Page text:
Back in August, I blogged about the injustice of a juvenile receiving a criminal conviction for sexting (see “Sexting Teen Convicted Dealing In Child Pornography”). The Washington Supreme Court invited our legislature to fix this injustice. The legislature appeared willing to do so (see “Washington Considers Changes”).
Substitute House Bill 1742 (SHB 1742) describes the Washington Legislature’s attempt to deal with the inequality of sexually explicit depictions of minors when the participants are juveniles. The legal changes are numerous and complex, requiring an attorney to sort things out! Below is a summary of the changes:
- Minors are, generally, excluded involving dealing in depictions of a minor engaged in sexually explicit conduct.
- In cases involving depictions with juveniles, a new class of crimes will apply exclusively to minors.
- The limits on juvenile criminal responsibility of one minor dealing in depictions of another minor 13 years of age or older is never greater than a gross misdemeanor. A juvenile is no longer facing a felony charge.
- There is an exemption for minors from any criminal responsibility for dealing in depictions of themselves, unless the minor sells the depictions.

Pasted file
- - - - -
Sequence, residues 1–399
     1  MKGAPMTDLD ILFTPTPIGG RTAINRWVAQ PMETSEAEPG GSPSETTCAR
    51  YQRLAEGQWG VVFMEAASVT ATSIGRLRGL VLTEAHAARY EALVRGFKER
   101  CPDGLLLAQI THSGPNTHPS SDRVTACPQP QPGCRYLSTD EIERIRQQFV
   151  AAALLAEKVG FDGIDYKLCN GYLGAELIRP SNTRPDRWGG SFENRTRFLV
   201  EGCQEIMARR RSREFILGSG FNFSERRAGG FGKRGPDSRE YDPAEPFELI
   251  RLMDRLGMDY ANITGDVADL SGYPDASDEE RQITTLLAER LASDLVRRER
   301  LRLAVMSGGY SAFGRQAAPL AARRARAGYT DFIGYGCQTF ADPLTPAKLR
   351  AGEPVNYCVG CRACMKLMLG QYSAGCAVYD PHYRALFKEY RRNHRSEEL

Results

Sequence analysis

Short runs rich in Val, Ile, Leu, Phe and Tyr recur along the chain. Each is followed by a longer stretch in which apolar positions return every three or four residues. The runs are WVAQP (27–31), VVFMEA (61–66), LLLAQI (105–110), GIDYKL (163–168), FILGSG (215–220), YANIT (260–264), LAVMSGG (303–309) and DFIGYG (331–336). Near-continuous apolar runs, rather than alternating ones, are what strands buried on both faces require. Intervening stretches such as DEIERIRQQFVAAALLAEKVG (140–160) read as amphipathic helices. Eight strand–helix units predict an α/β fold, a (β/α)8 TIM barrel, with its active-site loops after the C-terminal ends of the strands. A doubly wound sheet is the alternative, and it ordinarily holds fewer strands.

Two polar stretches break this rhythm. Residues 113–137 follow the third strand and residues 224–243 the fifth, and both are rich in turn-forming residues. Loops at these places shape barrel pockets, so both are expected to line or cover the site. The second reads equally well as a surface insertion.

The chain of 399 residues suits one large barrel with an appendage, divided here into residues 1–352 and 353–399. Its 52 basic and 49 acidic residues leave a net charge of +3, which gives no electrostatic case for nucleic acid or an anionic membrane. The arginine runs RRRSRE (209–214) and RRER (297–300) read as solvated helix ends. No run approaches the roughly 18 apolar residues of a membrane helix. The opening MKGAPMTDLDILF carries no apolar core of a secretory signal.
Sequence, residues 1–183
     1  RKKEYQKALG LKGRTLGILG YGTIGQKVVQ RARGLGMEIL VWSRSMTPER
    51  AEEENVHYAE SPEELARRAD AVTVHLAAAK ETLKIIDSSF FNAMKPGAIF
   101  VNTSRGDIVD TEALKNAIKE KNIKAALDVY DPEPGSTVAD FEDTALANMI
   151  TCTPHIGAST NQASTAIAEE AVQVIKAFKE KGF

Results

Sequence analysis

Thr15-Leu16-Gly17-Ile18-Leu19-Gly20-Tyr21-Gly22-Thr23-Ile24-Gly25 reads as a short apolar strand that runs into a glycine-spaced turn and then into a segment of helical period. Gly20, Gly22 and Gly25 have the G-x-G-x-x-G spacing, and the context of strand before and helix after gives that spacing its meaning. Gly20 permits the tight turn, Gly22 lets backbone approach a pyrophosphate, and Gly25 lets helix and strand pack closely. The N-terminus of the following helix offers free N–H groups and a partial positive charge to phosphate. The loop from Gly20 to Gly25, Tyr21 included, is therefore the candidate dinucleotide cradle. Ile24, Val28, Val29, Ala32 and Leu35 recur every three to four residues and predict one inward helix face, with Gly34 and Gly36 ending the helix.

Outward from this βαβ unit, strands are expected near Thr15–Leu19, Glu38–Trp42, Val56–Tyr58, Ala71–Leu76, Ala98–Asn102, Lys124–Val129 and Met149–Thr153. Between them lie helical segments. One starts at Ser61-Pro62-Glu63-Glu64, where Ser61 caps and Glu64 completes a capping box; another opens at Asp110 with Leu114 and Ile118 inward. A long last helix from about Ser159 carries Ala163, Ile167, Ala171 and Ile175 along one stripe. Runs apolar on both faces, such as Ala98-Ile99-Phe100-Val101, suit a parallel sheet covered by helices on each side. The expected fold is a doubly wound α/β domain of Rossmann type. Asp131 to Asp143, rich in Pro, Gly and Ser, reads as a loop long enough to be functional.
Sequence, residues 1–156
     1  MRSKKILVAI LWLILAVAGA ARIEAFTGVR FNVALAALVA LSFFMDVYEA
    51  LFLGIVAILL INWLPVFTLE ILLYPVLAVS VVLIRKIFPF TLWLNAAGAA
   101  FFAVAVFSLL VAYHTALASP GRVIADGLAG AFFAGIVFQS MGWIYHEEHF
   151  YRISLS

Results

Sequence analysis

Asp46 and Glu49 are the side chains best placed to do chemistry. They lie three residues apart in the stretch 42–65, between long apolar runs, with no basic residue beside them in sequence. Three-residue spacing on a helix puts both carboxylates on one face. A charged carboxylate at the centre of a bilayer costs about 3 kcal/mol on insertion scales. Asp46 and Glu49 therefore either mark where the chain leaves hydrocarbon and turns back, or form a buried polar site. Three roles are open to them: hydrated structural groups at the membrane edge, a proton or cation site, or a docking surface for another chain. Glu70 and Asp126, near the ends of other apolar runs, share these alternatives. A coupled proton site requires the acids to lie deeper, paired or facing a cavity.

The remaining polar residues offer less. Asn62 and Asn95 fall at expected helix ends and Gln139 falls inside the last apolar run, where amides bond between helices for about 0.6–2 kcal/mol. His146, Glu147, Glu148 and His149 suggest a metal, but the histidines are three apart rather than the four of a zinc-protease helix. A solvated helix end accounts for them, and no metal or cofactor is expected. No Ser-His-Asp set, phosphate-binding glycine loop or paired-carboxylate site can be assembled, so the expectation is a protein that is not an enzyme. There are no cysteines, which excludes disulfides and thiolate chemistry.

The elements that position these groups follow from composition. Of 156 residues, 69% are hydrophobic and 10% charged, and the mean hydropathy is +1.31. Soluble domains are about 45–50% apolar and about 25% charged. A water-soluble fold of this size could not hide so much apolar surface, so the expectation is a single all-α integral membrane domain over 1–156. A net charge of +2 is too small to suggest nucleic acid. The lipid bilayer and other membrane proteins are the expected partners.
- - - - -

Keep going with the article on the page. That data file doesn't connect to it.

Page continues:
- Prosecutors must “divert” certain juvenile offenses involving dealing in depictions of a minor if it’s the juvenile’s first offense. “Divert” means there is no juvenile criminal “adjudication”.
The legislature also added a layer of administrative bureaucracy to research the potential harm caused by the exchange of intimate images by minors. As someone who has represented juveniles in these circumstances, the trauma involved can be substantial.
These are important updates to the law and a step in the right direction. However, there may still be issues as they are put into practice. If you have a criminal matter and would like to consult with a lawyer, contact Jan Olson at Ellis, Li & McKinstry, PLLC. You can reach Jan by calling (206) 682-0565 or by e-mail at firstname.lastname@example.org.